Both the Sport and Style use Qualcomm's 1.1GHz Snapdragon Wear 2100 processor. Their specs differ when it comes to RAM, however, with the Sport packing in 768MB and the Style making do with 512MB. Both models come with 4GB of storage on board, which is common for Android Wear devices.
Differences also arise when it comes to batteries, though. The Sport has a large 430mAh battery, while the Style's is only 240mAh. This makes sense considering the Sport has so many more sensors. Both watches will supposedly get you through a day of use.
The LG Watch Style is all about about the look and therefore includes more basic sensor capabilities with step counting about the extent of what you’ll get without being connected to a phone when it comes to fitness.
The LG Watch Sport, however, is crammed full of tech. It features GPS, NFC with Android Pay, an optical heart rate monitor and antennas built into the band for LTE network connectivity. This means, alongside the improvements with Android Wear 2.0, there's far less dependency on your connected smartphone.
So you can go out for a run and track it using GPS, pair wireless headphones using Bluetooth, keep tabs on your heart rate, and even stream Spotify music using the built-in LTE modem. You can even make payments using NFC – so no need for your wallet, either.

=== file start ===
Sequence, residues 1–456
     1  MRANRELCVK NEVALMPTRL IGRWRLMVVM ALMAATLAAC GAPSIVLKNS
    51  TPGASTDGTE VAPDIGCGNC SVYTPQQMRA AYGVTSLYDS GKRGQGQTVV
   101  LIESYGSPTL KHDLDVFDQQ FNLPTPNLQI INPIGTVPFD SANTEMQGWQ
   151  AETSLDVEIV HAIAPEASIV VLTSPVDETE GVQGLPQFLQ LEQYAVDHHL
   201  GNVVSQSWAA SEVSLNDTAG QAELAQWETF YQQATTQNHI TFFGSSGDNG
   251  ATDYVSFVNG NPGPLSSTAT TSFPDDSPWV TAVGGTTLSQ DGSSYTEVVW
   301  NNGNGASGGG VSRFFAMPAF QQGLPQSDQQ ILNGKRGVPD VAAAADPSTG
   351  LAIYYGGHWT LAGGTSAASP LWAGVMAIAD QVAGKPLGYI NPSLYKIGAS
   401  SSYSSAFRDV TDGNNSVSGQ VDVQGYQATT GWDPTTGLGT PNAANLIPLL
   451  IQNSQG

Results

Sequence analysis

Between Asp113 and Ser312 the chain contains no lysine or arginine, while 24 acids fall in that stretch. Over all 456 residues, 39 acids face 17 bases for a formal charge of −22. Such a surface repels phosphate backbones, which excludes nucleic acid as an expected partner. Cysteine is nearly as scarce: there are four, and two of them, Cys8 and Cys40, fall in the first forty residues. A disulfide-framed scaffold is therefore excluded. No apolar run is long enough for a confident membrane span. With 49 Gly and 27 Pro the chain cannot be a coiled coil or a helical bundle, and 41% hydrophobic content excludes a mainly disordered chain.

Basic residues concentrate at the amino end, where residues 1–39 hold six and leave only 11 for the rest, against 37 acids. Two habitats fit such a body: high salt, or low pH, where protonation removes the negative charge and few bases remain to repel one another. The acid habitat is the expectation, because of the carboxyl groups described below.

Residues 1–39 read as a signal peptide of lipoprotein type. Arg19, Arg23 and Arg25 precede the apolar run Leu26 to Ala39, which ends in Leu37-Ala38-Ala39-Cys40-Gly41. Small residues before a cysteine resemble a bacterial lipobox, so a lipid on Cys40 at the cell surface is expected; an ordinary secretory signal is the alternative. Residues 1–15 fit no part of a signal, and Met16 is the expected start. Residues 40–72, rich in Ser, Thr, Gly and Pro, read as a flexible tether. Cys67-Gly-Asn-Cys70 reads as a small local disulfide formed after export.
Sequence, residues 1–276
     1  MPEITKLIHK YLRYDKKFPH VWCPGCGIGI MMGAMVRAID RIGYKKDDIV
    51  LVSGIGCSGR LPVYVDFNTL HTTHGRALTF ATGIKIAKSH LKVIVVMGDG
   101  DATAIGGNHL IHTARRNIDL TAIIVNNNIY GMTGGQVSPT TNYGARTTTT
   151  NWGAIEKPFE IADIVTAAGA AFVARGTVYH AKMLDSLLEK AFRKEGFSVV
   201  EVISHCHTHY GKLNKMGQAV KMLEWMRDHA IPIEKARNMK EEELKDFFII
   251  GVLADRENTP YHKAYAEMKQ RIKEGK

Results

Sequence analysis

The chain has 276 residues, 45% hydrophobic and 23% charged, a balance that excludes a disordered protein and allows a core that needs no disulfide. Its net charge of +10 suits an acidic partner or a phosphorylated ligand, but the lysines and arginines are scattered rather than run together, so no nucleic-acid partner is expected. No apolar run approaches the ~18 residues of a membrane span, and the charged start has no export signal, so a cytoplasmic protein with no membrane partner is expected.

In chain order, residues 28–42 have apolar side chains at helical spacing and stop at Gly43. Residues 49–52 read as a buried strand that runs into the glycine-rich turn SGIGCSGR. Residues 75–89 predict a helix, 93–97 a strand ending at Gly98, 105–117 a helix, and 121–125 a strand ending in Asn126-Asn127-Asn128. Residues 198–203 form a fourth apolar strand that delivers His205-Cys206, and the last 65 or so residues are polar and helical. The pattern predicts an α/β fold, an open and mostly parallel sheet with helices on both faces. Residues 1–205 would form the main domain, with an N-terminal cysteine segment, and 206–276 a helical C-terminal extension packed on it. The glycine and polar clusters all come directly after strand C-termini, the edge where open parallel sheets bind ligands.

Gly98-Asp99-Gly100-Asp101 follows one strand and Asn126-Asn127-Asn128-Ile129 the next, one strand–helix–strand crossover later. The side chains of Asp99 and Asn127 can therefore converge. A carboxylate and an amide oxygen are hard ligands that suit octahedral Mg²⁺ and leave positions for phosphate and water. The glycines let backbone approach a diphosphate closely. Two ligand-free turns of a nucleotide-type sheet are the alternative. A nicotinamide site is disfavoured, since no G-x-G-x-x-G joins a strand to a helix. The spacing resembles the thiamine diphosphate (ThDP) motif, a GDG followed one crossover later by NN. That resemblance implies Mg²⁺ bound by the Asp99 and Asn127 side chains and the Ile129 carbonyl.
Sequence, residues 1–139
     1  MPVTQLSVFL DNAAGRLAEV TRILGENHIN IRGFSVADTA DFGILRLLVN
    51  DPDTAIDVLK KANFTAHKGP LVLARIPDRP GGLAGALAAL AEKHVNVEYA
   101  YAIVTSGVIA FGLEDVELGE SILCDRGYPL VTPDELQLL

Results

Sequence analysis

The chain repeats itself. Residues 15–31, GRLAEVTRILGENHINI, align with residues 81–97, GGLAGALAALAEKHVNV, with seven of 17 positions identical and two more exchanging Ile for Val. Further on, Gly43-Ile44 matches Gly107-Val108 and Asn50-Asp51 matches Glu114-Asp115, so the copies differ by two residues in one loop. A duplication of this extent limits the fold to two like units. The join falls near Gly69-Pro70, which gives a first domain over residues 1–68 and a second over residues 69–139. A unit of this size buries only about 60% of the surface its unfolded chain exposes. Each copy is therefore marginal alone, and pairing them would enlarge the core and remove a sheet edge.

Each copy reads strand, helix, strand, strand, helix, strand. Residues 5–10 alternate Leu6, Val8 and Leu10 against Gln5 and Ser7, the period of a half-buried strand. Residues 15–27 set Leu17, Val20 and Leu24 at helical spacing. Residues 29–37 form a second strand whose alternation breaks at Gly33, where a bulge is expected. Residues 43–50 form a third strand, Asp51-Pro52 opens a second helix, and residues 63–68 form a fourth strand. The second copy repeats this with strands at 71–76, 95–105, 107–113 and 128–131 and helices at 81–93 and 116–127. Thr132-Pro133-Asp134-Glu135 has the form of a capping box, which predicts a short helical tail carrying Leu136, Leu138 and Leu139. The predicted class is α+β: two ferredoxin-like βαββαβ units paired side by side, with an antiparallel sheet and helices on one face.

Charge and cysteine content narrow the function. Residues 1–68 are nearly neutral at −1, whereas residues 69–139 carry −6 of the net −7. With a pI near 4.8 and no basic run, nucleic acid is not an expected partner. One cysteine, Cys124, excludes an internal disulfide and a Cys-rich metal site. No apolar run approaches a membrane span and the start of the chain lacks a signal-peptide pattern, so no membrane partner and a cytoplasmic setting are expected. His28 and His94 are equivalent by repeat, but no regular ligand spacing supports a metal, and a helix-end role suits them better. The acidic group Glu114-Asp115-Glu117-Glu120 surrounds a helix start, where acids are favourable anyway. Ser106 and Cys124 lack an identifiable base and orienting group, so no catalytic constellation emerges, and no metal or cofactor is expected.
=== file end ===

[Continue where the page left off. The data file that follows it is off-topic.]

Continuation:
Despite all that, it should still offer all-day battery life – the same as the Watch Style model – but this will require more time being spent with the watch to test. We’ll have to wait for a review unit to decide just how accurate that heart rate monitor is, too.
Google has released a whole host of updates for its new mobile wearable OS and the LG Watch designs are all about showing off those features.
The new watch face personalisation means everything can be far more accessible from the watch face.
Now you can set third-party app data to appear, resulting in at-a-glance information beyond just time, date and perhaps battery or steps. You'll be more easily able to view the time of your next meeting, how far away your Uber is, quickly call a contact, and more – the options are plentiful and exciting.
Related: Android Wear 2.0 Guide
The new interface is minimal, drawing on Google's Material Design aesthetic, but with greater information available. It looks super-impressive and will likely make the watch a viable alternative to taking your phone out, saving both battery and hassle.